Irrigation : What You Should Know ?
Irrigation refers to artificially applying water to soil or agricultural land. It is the use of rainwater to supplement or replace it. It is useful in dry areas or during periods of low rainfall.
The purpose of irrigation systems is to help in growing crops and plants.
Tube And Well Irrigation
Merits well are the simplest, cheapest, and most reliable source of irrigation. You can use it whenever you need it. You can use several chemicals like nitrate, chloride, or sulphate. Well, water has a higher fertility rate than regular tap water. You can rely on well water during droughts when the surface water runs dry.
Demerits It is not possible to irrigate large areas. The groundwater level drops and there isn’t enough water. Tube wells may draw groundwater from neighboring areas and dry out the ground, rendering it unsuitable to be used for agriculture.
To create a tank, you need to build a small ring of earth or stones across a stream. The water in the bund can be used for irrigation or other purposes. Tank is an important source of irrigation.
Features: Many tanks are naturally constructed and don’t have a high cost of construction. They last longer. Many tanks also allow fishing which adds to both farmers’ food and income.
Demerits: Many tank tanks are subject to drying out and do not provide irrigation during the dry season. Transferring water from tanks to the fields is a difficult and costly job.
Drip irrigation involves water being applied directly to the root by emitters and drippers. This low rate can vary from 2-20 L/hour. With frequent irrigations, soil moisture is maintained at its optimum level.
Drip irrigation can be used for a variety of crops.
Merits: Nero and fertilizer losses are minimized through the localized application, and less leaching. Field leveling of fertilizer is not necessary.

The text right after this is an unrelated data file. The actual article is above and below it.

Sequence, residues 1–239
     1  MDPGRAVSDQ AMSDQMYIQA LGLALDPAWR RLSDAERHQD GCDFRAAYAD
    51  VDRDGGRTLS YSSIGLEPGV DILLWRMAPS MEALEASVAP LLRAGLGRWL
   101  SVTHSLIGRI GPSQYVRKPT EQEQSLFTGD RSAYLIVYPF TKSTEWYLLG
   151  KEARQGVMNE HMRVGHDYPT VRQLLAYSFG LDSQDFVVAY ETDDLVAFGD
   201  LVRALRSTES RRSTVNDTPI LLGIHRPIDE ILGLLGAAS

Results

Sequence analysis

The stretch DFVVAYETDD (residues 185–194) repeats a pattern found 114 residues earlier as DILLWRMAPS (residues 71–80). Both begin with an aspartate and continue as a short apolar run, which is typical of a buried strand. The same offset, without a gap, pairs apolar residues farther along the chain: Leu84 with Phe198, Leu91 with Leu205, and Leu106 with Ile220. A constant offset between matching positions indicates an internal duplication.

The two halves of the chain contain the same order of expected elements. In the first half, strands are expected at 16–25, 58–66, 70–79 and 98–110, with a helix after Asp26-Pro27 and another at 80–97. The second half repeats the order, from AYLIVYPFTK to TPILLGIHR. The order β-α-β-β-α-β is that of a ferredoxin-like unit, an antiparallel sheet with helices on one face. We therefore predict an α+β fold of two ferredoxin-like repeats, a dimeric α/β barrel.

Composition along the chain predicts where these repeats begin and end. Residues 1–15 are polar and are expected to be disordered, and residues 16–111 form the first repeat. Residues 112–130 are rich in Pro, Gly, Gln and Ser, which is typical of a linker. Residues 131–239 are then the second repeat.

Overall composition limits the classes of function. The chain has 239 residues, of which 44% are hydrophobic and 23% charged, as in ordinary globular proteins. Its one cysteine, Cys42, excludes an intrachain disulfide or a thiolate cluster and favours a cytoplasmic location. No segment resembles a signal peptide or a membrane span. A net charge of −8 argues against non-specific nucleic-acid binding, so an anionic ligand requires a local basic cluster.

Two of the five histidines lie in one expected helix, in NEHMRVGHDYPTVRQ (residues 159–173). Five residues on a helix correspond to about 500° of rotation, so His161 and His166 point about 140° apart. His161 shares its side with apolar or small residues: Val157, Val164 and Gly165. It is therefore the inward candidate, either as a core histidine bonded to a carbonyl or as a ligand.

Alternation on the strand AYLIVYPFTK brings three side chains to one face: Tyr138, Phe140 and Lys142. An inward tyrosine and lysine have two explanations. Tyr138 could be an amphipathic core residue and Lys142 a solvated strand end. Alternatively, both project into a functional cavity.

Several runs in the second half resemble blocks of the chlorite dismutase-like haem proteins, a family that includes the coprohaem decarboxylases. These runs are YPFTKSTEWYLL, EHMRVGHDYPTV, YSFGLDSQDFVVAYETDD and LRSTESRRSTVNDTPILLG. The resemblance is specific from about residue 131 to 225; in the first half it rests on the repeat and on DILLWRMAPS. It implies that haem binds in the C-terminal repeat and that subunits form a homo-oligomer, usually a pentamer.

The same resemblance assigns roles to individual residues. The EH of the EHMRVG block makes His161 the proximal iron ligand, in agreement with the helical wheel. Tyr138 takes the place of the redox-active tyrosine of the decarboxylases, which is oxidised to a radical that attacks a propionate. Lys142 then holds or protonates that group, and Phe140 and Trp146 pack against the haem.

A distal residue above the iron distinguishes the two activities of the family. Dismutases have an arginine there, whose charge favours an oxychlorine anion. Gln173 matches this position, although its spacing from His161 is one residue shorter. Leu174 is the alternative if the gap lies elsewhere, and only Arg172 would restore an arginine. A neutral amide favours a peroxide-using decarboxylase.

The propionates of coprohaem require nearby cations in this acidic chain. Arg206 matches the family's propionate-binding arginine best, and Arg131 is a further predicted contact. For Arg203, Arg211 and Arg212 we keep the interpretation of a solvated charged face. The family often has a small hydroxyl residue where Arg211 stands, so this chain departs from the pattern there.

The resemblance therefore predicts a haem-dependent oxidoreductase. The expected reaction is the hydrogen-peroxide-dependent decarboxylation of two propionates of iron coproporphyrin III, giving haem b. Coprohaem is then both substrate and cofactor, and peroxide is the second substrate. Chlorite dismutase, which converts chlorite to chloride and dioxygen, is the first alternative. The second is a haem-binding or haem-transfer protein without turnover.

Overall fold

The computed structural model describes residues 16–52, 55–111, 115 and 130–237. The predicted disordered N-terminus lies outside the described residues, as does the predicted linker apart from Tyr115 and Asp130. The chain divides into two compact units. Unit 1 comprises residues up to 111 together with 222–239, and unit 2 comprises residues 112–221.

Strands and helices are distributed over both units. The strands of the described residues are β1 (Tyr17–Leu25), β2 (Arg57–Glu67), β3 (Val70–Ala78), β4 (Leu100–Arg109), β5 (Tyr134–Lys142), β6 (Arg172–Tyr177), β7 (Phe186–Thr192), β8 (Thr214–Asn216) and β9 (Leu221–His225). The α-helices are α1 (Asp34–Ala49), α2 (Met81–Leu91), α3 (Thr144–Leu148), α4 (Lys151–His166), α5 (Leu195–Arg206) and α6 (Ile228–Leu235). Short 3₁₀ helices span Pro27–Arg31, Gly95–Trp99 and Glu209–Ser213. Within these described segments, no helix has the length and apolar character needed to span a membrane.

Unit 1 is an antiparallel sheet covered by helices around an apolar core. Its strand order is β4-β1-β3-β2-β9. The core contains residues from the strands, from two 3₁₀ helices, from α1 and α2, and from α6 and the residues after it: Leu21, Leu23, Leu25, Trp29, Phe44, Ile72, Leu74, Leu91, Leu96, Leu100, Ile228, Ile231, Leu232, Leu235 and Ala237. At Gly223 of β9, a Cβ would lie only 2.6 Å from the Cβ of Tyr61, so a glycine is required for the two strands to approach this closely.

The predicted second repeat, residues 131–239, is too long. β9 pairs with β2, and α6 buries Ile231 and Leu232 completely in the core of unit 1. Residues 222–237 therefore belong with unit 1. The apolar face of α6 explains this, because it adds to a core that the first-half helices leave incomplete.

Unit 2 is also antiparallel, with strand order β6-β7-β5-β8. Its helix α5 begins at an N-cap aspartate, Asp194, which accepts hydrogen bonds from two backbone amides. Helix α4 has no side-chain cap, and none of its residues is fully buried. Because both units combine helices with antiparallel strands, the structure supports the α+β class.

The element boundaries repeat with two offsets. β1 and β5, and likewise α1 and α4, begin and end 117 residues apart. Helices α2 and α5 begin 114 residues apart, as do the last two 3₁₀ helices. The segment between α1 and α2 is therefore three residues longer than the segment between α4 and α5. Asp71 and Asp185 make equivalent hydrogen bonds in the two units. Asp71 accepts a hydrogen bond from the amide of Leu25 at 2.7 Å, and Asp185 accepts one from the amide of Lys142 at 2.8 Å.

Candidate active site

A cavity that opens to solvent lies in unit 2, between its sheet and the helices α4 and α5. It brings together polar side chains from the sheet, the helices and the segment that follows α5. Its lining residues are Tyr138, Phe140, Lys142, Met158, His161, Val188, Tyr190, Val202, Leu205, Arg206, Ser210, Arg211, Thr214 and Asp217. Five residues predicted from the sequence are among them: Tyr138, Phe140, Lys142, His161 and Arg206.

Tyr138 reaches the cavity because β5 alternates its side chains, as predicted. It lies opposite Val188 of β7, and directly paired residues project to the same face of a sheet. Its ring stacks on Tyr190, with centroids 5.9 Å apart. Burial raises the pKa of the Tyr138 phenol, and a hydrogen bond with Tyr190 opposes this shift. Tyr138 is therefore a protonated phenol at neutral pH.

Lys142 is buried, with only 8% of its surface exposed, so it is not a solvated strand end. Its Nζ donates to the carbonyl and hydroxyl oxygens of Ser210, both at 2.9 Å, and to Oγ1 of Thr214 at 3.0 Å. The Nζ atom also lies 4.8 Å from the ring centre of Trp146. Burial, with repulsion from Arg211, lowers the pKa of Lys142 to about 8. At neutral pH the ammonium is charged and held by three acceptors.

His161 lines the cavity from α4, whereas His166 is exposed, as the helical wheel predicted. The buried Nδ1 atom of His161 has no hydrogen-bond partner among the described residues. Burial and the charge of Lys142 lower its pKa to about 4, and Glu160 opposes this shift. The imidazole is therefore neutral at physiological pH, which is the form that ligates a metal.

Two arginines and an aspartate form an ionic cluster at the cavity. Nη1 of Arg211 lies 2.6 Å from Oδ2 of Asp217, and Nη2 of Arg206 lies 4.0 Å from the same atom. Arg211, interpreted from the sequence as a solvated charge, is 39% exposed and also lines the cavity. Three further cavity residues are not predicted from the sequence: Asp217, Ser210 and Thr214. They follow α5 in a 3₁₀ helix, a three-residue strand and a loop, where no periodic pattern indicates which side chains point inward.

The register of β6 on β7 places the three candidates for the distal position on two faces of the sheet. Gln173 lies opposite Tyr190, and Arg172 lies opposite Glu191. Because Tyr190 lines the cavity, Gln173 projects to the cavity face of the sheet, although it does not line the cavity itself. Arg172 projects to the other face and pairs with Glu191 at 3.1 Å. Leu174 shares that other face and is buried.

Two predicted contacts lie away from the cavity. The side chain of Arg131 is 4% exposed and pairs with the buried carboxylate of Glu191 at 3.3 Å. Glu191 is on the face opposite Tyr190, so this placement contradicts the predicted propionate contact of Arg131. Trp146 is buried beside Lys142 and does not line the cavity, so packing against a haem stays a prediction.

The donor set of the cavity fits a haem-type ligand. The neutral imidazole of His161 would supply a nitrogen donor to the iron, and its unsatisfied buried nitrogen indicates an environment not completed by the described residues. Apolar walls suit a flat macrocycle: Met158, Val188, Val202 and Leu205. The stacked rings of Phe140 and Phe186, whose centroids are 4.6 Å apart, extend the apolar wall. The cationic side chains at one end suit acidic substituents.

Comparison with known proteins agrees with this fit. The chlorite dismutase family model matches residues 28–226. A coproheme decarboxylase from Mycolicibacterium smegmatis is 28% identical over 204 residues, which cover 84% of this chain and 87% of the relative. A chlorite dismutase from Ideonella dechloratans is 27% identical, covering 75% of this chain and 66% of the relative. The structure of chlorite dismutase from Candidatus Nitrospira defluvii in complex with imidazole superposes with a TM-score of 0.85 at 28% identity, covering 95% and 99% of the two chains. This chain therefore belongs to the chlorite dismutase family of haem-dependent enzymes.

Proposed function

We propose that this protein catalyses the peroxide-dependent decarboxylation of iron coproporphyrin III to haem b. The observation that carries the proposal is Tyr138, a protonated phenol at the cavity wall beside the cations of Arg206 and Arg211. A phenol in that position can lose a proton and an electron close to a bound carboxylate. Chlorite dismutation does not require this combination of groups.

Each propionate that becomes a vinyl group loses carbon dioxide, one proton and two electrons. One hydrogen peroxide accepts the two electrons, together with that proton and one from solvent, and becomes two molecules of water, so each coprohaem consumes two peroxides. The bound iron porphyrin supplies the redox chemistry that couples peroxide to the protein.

Recycled water that is not potable can be used. Water application efficiency is improved. It is easier to control soil erosion and weed growth.
Demerits: An initial cost of more can cause problems such as clogging and wastage of time, water, and harvest if the system isn’t installed correctly.
This involves spraying water in the air. The waterfalls on the ground and looks somewhat like rain. The spray is made by the pressure of water through small openings or nozzles. Sprinkler irrigation is ideal for irrigation of uneven land and low-lying soils.
Sprinkler irrigation works well with almost all crops, except jute and paddy. Sprinklers are suitable for irrigation of all types of crops including vegetables, plants, orchards, and plantation crops.
Features: Compatible with all soil types except heavy clay. Water-saving. Increase in yield. The land is saved by not using bunds or other invasive methods. They are required.
Demerits: Higher initial cost. The application efficiency is low under high winds and high temperatures.
Other Types of Irrigation
Furrow irrigation is a method for surface irrigation in which trenches are dug between crop rows. Furrow irrigation is where water is flowed by farmers down into the furrows. The water seeps both vertically and horizontally to fill the soil reservoir. Each furrow’s flow can be individually controlled.
Furrow irrigation presents a challenge in that water must be evenly distributed over the field. Furrow irrigation can also lead to increased water loss from runoff.
Surge irrigation is a form of furrow irrigation where water is continuously pulsed for a set period. Continuous flow is more efficient than continuous because of the lower infiltration rates due to the drying and wetting cycles.
This is a traditional method where ditches have to be dug and seedlings are planted in rows. Watering the plantings is done by placing canals and furrows in between each row of plants. Siphon tubes are used for moving water from the main ditch towards the canals.
Seepage Irrigation or Sub Irrigation: This method of irrigation delivers water from the soil to the plant root zones and is absorbed upwards. You may also be able to collect the excess water and reuse it.
The benefits include water and nutrients conservation and labor-saving.
The cost of outfitting can be quite high. Potential problems include the possibility that there may be an increase in disease rates in recycled water.
The farmer should be aware of the soil type, irrigation water quality, irrigation products, and frequency to implement the irrigation system properly.